Brewers only have one chance to set the first impression of a beer as it pours into our glass. The color is the first indicator for what we want in a beer, based on the beer’s flavor. It covers an infinite variety of colors. Today we’ll learn more about the beer color:
- How it’s measured
- Color limitations
- Estimation and limitations of the color of a beer recipe
How it is Measured
There are 2 methods used to measure the color intensity of the beer:
- SRM is a measure of the concentration of a beer’s colour. Measure in a path length cell for 0.5 inches (1.27 cm), with a wavelength shade of 430 nm. The resulting absorbance value is multiplied by 10 to obtain the color value by any dilution. The sample requires dilution to put the color within the spectrophotometer accuracy. If the length of the route is 1 cm (most spectrophotometer cuvette), then the multiplier would be 12.7 instead of 10.
- Joseph William Lovibond invented the Lovibond “52” in Greenwich, England. The visual comparison of standardized colors. (in the form of colored glass discs, with samples of beer.) A light golden lager may have a color of 2 or 3 on the Lovibond scale. Pale ale has a color of 10 – 13. Brown ale or dark lager has a color 17˚–20˚, all the way through to the near-black of imperial stout at 70˚.
Due to limitations with the way people perceive color, a new system was created—the Standard Reference Method (SRM) & European Brewing Convention (EBC). The SRM method contains the procedure of a spectrophotometer. It is to measure the light of a specific wavelength of 430 nanometers. It passes through a sample of homebrew contained in a cuvette. Then in the light path of the spectrophotometer. There is a lower SRM number for lighter values and a higher SRM number for darker ones. SRM values greater than 50 are considered black.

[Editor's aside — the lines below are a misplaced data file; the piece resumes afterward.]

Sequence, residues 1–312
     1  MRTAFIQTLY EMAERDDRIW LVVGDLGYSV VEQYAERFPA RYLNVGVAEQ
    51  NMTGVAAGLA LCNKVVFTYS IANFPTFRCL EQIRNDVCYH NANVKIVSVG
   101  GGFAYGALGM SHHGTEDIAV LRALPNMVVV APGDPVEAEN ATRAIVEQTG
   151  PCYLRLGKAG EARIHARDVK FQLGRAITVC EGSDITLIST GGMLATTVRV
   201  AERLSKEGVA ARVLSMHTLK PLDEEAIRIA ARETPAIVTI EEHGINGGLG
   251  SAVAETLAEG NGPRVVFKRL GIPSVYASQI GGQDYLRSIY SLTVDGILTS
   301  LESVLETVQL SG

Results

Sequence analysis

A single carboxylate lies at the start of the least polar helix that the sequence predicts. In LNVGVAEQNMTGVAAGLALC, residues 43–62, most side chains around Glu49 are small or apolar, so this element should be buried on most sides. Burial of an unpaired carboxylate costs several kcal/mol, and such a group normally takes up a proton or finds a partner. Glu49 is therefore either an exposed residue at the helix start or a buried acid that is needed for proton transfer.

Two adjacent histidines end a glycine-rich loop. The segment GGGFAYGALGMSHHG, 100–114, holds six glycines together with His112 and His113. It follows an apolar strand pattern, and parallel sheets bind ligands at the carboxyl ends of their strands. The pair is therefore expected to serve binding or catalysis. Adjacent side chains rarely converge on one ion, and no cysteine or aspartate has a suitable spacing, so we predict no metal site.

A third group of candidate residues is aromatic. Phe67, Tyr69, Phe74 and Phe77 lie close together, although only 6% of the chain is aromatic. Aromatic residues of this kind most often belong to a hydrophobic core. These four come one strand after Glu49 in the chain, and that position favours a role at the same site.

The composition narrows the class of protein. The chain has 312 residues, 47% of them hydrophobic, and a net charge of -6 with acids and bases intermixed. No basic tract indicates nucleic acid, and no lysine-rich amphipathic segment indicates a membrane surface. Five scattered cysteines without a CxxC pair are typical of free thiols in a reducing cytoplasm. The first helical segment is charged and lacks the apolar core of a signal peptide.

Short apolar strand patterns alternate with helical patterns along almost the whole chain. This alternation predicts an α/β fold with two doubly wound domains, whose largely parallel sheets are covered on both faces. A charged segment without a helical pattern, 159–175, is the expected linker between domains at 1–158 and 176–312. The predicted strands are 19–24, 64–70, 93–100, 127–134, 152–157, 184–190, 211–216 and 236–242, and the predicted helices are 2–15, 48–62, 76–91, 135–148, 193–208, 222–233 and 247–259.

COLOR CHART: Color Ranges
|BEER STYLE||COLOR RANGES|
|Witbier, Berliner Weisse||2-4|
|Belgian Strong Ale||4-7|
|American Pale Ale||6-14|
|English Golden Ale||4-8|
|Imperial Pale Ale||5-11|
|Bière de Garde||6-13|
|English Brown Ale||12-22|
CALCULATIONS: Estimation & limitations
- The beer’s SRM color’s calculated using a 1⁄2 “glass cuvette. A spectrophotometer observes it at 430 nm of light wavelength. The SRM hue, which you can express on a logarithmic scale, is about ten times the amount of absorbance. In most cases, the SRM color is roughly equivalent to the old Lovibond scale. The other typical process’ called the European Brewing Convention (EBC). It is calculated in a smaller 1 cm cuvette but at the same wavelength, in action, the EBC color is around 1.97 times the color of SRM. (SRM = 1.97 * EBC)
Dan Morey Equation
You can use this equation in beer software to approximate color.
SRM = 1.4922 * (MCU ^ 0.68590)f
good for color < 50 SRM
MCU = grain color * grainWeightLBS / volumeGallons
A Malt Color Units (MCU) is the appearance of each grain times the weight of the grain in pounds. It’s divided by the volume of the batch in gallons. When using more than one fermentable. The color of MCU for each fermentable is measured and then applied together.
Note: Lovibond is used for malt calculation, while SRM is for the beer’s final color.
- If you don’t have a spectrophotometer handy in your laboratory, some tools are available to help you measure the color of your beer. A beer reference color card is the most common and easy to use, to have a visual comparison of your beer against standard reference colors. I suggest you buy a guide from your local shop.
- Another way is to dilute the beer with distilled water and compare it to established color norms ( such as mass-produced commercial beer)
Limitations of Beer Color and Color Estimates
No matter how precise your color estimate or calculation is. You need to remember that there are very real limitations to all current beer color schemes. The SRM color scheme is defined by absorbing a single wavelength of light. It can’t tell the difference between commonly colored red beers and amber beer. At a wavelength of 430 nm, the subtle shades of red and brown can look similar.